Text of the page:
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1.
Anal Chem ; 94(21): 7619-7627, 2022 May 31.
Article in English | MEDLINE | ID: covidwho-1852361

ABSTRACT

The COVID-19 pandemic has revealed how an emerging pathogen can cause a sudden and dramatic increase in demand for viral testing. Testing pooled samples could meet this demand; however, the sensitivity of reverse transcription quantitative polymerase chain reaction (RT-qPCR), the gold standard, significantly decreases with an increasing number of samples pooled. Here, we introduce detection of intact virus by exogenous-nucleotide reaction (DIVER), a method that quantifies intact virus and is robust to sample dilution. As demonstrated using two models of severe acute respiratory syndrome coronavirus 2, DIVER first tags membraned particles with exogenous oligonucleotides, then captures the tagged particles on beads functionalized with a virus-specific capture agent (in this instance, angiotensin-converting enzyme 2), and finally quantifies the oligonucleotide tags using qPCR. Using spike-presenting liposomes and spike-pseudotyped lentivirus, we show that DIVER can detect 1 × 105 liposomes and 100 plaque-forming units of lentivirus and can successfully identify positive samples in pooling experiments. Overall, DIVER is well positioned for efficient sample pooling and clinical validation.


Subject(s)
COVID-19 , Pandemics , COVID-19/diagnosis , Humans , Liposomes , Oligonucleotides , Reverse Transcriptase Polymerase Chain Reaction , SARS-CoV-2/genetics , Sensitivity and Specificity
2.
Viruses ; 14(4)2022 03 25.
Article in English | MEDLINE | ID: covidwho-1834920

ABSTRACT

In only two years, the coronavirus disease 2019 (COVID-19) pandemic has had a devastating effect on public health all over the world and caused irreparable economic damage across all countries. Due to the limited therapeutic management of COVID-19 and the lack of tailor-made antiviral agents, finding new methods to combat this viral illness is now a priority. Herein, we report on a specific oligonucleotide-based RNA inhibitor targeting severe acute respiratory syndrome coronavirus 2 (SARS-CoV-2). It displayed remarkable spontaneous cellular uptake, >94% efficiency in reducing RNA-dependent RNA polymerase (RdRp) RNA levels in transfected lung cell lines, and >98% efficiency in reducing SARS-CoV-2 RNA levels in samples from patients hospitalized with COVID-19 following a single application.


Subject(s)
COVID-19 , Oligonucleotides , SARS-CoV-2 , Antiviral Agents/pharmacology , Antiviral Agents/therapeutic use , COVID-19/drug therapy , Humans , Oligonucleotides/pharmacology , Oligonucleotides/therapeutic use , RNA, Viral/genetics , RNA-Dependent RNA Polymerase/genetics , RNA-Dependent RNA Polymerase/metabolism , SARS-CoV-2/genetics
3.
AAPS PharmSciTech ; 23(5): 135, 2022 May 09.
Article in English | MEDLINE | ID: covidwho-1833435

ABSTRACT

Lipid nanoparticles (LNPs) can be used as delivery vehicles for nucleic acid biotherapeutics. In fact, LNPs are currently being used in the Pfizer/BioNTech and Moderna COVID-19 vaccines. Cationic LNPs composed of 1,2-dioleoyl-3-trimethylammonium-propane (DOTAP)/cholesterol (chol) LNPs have been classified as one of the most efficient gene delivery systems and are being tested in numerous clinical trials. The objective of this study was to examine the effect of the molar ratio of DOTAP/chol, PEGylation, and lipid to mRNA ratio on mRNA transfection, and explore the applications of DOTAP/chol LNPs in pDNA and oligonucleotide transfection. Here we showed that PEGylation significantly decreased mRNA transfection efficiency of DOTAP/chol LNPs. Among non-PEGylated LNP formulations, 1:3 molar ratio of DOTAP/chol in DOTAP/chol LNPs showed the highest mRNA transfection efficiency. Furthermore, the optimal ratio of DOTAP/chol LNPs to mRNA was tested to be 62.5 µM lipid to 1 µg mRNA. More importantly, these mRNA-loaded nanoparticles were stable for 60 days at 4 °C storage without showing reduction in transfection efficacy. We further found that DOTAP/chol LNPs were able to transfect pDNA and oligonucleotides, demonstrating the ability of these LNPs to transport the cargo into the cell nucleus. The influence of various factors in the formulation of DOTAP/chol cationic LNPs is thus described and will help improve drug delivery of nucleic acid-based vaccines and therapies.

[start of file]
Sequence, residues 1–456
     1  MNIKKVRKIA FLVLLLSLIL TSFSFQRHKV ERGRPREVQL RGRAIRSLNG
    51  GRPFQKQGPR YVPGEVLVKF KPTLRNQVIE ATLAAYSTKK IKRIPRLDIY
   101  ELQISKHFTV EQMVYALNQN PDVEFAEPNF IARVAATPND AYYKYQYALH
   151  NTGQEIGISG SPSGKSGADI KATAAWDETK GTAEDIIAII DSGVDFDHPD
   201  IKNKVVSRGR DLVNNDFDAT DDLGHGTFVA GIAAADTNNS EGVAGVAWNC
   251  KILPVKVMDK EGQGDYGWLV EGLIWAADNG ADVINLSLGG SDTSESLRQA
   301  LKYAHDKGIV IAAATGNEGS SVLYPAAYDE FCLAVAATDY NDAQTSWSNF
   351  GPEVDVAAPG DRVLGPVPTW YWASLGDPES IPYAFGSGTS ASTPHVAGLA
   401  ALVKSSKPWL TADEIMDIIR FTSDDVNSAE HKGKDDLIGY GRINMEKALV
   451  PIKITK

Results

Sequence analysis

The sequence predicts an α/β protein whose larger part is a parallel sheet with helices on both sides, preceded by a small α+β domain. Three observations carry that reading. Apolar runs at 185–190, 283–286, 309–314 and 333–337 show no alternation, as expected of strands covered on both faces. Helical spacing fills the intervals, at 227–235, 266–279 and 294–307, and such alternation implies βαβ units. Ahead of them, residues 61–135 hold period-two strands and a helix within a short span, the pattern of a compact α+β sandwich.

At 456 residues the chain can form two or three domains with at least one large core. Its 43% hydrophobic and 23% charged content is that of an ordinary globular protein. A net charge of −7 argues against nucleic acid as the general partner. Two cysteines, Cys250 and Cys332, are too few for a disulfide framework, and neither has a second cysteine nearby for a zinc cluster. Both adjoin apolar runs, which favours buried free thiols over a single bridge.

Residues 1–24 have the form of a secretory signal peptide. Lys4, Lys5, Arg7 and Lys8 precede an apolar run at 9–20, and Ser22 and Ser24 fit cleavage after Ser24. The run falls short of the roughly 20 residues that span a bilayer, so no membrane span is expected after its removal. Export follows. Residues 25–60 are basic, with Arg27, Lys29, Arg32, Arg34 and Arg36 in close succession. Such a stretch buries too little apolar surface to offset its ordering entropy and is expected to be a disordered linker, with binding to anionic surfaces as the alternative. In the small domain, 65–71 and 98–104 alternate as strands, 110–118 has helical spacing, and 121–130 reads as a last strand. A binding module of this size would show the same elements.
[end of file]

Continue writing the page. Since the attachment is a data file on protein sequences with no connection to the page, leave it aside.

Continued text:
Subject(s)
COVID-19 , Nanoparticles , COVID-19 Vaccines , Cations , Cholesterol , Fatty Acids, Monounsaturated , Humans , Liposomes , Oligonucleotides , Propane , Quaternary Ammonium Compounds , RNA, Messenger/genetics
5.
Biochem Biophys Res Commun ; 614: 207-212, 2022 Jul 23.
Article in English | MEDLINE | ID: covidwho-1814155

ABSTRACT

Simple, highly sensitive detection technologies for severe acute respiratory syndrome coronavirus 2 (SARS-CoV-2) are crucial for the effective implementation of public health policies. We used the systematic evolution of ligands by exponential enrichment with a modified DNA library, including a base-appended base (uracil with a guanine base at its fifth position), to create an aptamer with a high affinity for the receptor-binding domain (RBD) of the SARS-CoV-2 spike glycoprotein. The aptamer had a dissociation constant of 1.2 and < 1 nM for the RBD and spike trimer, respectively. Furthermore, enzyme-linked aptamer assays confirmed that the aptamer binds to isolated authentic SARS-CoV-2 wild-type and B.1.617.2 (delta variant). The binding signal was larger that of commercially available anti-SARS-CoV-2 RBD antibody. Thus, this aptamer as a sensing element will enable the highly sensitive detection of SARS-CoV-2.